County directors unite to demand greater say in how domestic game is run

Directors of cricket from the 18 first-class counties have come together to demand a bigger voice in the future running of the sport.

Representatives from each county met at the Kia Oval on Monday to discuss their apparent loss of influence in the corridors of power and appeal for greater recognition.

A joint statement was issued on Tuesday making the case, with a reference to “new leadership at the helm of the English game” seemingly a direct appeal to England and Wales Cricket Board chief executive Richard Gould and chair Richard Thompson.

ECB chief executive Richard Gould is viewed as an ally of the county game.
ECB chief executive Richard Gould is viewed as an ally of the county game (John Walton/PA)

The pair previously held matching positions at Surrey and are seen as friends and advocates of the domestic game, particularly in contrast to their predecessors Tom Harrison and Colin Graves.

The recent departure of the influential Sir Andrew Strauss, who was a strategic adviser and chaired the ECB’s performance cricket committee, has left a gap in expertise.

A number of specific issues are raised by the DOC group, which includes experienced former internationals like Alec Stewart (Surrey), Darren Gough (Yorkshire), Paul Downton (Kent) and Marcus North (Durham).

Most pressing was the encroachment of the global franchise circuit on the county calendar.

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A proliferation of lucrative competitions such as the Indian Premier League has increased pressures considerably (Surjeet Yadav/AP)

Where previously only a handful of elite players were in demand at high-level tournaments like the Indian Premier League, the proliferation of lucrative competitions in South Africa, Pakistan, and the United Arab Emirates – with the United States and Saudi Arabia poised to enter the market – has increased pressures considerably.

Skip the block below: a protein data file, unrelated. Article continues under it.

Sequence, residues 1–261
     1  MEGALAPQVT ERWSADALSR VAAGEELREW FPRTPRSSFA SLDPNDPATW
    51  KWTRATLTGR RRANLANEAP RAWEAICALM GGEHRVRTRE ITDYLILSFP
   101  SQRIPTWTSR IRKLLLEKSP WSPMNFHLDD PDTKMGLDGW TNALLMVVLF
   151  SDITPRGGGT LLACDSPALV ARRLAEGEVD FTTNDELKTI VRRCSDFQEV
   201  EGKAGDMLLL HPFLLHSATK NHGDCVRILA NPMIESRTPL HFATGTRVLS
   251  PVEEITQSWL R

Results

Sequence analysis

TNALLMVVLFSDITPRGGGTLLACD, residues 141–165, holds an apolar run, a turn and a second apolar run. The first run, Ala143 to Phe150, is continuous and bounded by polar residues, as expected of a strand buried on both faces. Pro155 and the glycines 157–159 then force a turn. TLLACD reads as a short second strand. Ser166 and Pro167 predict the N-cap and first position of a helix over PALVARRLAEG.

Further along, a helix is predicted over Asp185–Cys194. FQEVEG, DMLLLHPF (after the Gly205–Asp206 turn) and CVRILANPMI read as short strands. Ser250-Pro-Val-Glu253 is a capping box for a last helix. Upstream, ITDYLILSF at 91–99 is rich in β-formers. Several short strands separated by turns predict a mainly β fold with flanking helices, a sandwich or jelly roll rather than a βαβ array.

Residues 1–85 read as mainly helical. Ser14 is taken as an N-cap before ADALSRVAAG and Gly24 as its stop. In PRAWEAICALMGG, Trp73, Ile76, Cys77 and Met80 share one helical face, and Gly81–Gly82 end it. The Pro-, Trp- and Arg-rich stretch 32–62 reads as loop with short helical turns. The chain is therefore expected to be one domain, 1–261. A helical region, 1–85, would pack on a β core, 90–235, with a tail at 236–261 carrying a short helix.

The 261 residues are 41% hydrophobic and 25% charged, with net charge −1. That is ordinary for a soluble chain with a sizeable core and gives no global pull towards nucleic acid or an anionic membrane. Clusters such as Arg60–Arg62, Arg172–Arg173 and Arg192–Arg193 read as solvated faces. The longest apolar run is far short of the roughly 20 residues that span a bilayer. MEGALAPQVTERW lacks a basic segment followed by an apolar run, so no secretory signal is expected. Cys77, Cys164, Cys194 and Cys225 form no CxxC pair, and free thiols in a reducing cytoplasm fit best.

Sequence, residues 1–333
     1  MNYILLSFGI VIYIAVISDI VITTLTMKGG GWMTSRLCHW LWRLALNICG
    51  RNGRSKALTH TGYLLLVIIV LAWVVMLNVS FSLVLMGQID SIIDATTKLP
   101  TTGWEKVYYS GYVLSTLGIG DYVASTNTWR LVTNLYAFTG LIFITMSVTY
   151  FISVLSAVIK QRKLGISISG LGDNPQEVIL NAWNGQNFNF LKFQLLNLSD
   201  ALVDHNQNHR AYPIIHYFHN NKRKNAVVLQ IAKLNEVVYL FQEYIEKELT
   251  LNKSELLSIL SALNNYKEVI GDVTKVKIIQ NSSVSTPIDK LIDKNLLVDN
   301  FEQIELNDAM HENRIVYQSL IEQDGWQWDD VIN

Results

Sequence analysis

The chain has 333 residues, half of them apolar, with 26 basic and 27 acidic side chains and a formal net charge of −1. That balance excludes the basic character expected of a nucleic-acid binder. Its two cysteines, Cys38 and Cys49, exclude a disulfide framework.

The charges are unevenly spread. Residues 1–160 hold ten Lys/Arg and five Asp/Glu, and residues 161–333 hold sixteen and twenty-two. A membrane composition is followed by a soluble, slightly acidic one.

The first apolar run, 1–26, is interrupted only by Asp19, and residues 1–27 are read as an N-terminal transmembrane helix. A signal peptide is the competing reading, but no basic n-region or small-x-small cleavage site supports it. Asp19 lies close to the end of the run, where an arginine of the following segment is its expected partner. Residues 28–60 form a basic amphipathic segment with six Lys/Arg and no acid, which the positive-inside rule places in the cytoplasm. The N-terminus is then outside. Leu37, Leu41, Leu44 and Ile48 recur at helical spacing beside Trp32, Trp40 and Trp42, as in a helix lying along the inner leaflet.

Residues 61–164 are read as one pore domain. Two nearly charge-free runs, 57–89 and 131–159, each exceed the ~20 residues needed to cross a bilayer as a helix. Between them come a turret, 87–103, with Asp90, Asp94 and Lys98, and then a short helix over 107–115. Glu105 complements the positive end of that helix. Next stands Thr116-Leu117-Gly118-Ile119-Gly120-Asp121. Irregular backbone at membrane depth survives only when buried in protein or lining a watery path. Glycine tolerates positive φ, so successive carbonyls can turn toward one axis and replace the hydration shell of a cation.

“The cricket landscape has changed significantly in the last couple of seasons and, following our meeting, the DOC feel they have lost some influence in many of the key decisions that have been made within the game recently,” the statement read.

“Whilst understanding the challenges of recent years, particularly post recovery from Covid, we sense there has been a recent void where there was previous DOC representation contributing to the shape of domestic cricket.

“With a new era commencing and new leadership at the helm of the English game, we would like to propose that the DOCs have a representative to sit on any future performance committees or other appropriate working groups.

“The DOCs discussed several agenda items, but perhaps the most significant was an acknowledgement across the board of the urgent need for a review of the standard player contract.

“The current arrangement leaves the clubs with little control over their players movements in the off-season, often leading to increased medical and staffing costs to ensure players are suitably prepared and rehabilitated, and there is clearly now the need for more flexibility in this area to suit both clubs and players.

“The number of players involved in winter tournaments has risen exponentially in the last four to five years and, with the US Major League on the horizon, this is becoming a very real challenge for all involved.

“The group understands that the ECB, PCA (Professional Cricketers’ Association) and county CEOs also recognise the need for this review, and we would welcome the opportunity to have a direct input into these discussions.”

Darren Gough (left) and Alec Stewart (right) are two high-profile directors of cricket.
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Also debated were recent changes to the points system in the LV= County Championship, overseas players, umpiring and the Second XI cricket.

“There were various viewpoints considered, but despite the differing perspectives there was a strong collective feeling that the DOCs can offer very valuable input into future discussions in such areas,” it continued.

“We would ask those closest to the current decision-making processes to include the DOCs more in the future and take advantage of our many years of amassed experience.”